This act of aggression – contrary to what some right-wing American newspapers said – discredited demagoguery and religious and ethnic chauvinism in the Arab and Islamic world. My two companions grasped this easily from the responses of street vendors, restaurant workers, and taxi drivers. Perhaps only a minority of them believed that Muslims had perpetrated these attacks, but there was absolutely no truth to reports that people reacted to this attack by dancing in the street. This is natural, because even if we admit that educated Westerners and educated Muslims differ not only in their adherence to different viewpoints but also in their contradictory ways of occupying the world, or by the way they depict two different worlds or two different, warring intellectual constructs, there is a profound chasm preventing the two sides from meeting or linking up. This gulf is intellectual and ontological, but does not separate two societies living in two historic circumstances or different political systems; what separates them are two distinct views of existence, being, life, and the soul. From a human point of view, however, what difference is there between American cowboys who find no work in Manhattan or Princeton and shepherds who eat cheap pickles in Kandahar? What is the difference between downtrodden men who find nothing to do except pray in dilapidated mosques and poor, jobless Americans who beg for a few dollars to play bingo and eat cheeseburgers?

    Studying societies

    Even though the language used in political statements was stern and radical at that time and it was impossible to steer an even course or to determine political action that would reconcile such different interests, this attack led to two positive developments.
    The first was a Western attempt to learn about these societies from the testimony of their own people, and this is very important. For the first time we find a Western interest in the Arabic language and Arabic literature, especially in the novel, and this is very significant, because the humanities in the Arab world were devastated by Arab rulers, which caused them to collapse beneath numerous different pressures. The novel, however, is an individual work that has pretty much escaped the hegemony of rulers.
    On the other hand, opening the West up to non-Western literatures has not been easy. We all know that for a long time the West succumbed and yielded to its own ideas about itself, and the works of Erich Auerbach and Ernst Robert Curtius represent this trend. European literatures have first of all been based on a canon of European literary works from Homer to Joyce and secondly on a constant return to the same topics. Thus European literatures have enjoyed an almost mystic unity starting from Middle Latin and continuing as they became self-sufficient literatures shielded from knowledge of the outside world or any influence from it. These theories have been subjected in recent years to intense criticism.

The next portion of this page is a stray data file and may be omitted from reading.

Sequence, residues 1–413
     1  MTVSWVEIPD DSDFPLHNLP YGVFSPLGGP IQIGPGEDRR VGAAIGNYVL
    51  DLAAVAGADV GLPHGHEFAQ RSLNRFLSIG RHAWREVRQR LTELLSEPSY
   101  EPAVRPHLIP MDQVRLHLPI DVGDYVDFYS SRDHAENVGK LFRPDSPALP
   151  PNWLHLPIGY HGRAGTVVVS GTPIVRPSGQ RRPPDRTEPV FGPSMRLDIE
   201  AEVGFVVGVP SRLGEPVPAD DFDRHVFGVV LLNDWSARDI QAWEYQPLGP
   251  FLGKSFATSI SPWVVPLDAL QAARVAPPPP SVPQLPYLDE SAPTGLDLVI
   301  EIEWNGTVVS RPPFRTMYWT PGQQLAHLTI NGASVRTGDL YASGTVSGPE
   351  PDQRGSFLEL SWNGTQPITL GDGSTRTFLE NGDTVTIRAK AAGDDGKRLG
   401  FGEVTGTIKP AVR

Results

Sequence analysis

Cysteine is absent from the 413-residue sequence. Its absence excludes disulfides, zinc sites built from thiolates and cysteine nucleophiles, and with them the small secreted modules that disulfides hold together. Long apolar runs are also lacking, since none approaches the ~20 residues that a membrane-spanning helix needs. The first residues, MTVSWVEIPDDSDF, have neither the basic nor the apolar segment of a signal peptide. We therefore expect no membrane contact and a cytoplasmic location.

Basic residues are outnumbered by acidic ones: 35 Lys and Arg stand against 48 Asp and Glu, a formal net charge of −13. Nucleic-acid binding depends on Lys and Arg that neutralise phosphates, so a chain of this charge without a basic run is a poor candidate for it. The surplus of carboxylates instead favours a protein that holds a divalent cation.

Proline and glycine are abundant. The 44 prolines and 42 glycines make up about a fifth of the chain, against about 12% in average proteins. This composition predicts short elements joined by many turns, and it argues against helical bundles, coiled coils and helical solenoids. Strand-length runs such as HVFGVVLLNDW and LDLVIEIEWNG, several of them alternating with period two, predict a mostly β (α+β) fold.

The second positive development was the release in the Arab world of a wave of criticism affecting much of what had been revered in the past: rulers, religion, and Islamic history. Many people felt a desire to acknowledge in public that we are not innocent, guiltless societies that Western authors have abused and that we need to air our faults, search seriously for beneficial solutions for the crisis of traditional thought – for its false steps and shortcomings vis-à-vis the age’s procession – and present a genuine critique of political, social, and cultural frames of reference in the Arab world. Indeed, there is a desire among many intellectuals to encourage acknowledgement of our mistakes and anything that promotes self-hatred, because societies that avoid this kind of soul-searching rarely dare to deconstruct themselves.

    Everything inevitably falls to the ground in airports

    What finally endures are things that develop in a feeble way, because the processes of thought and reality work differently. Reality can be observed in any of the world’s airports, but seeing and living it are two different things.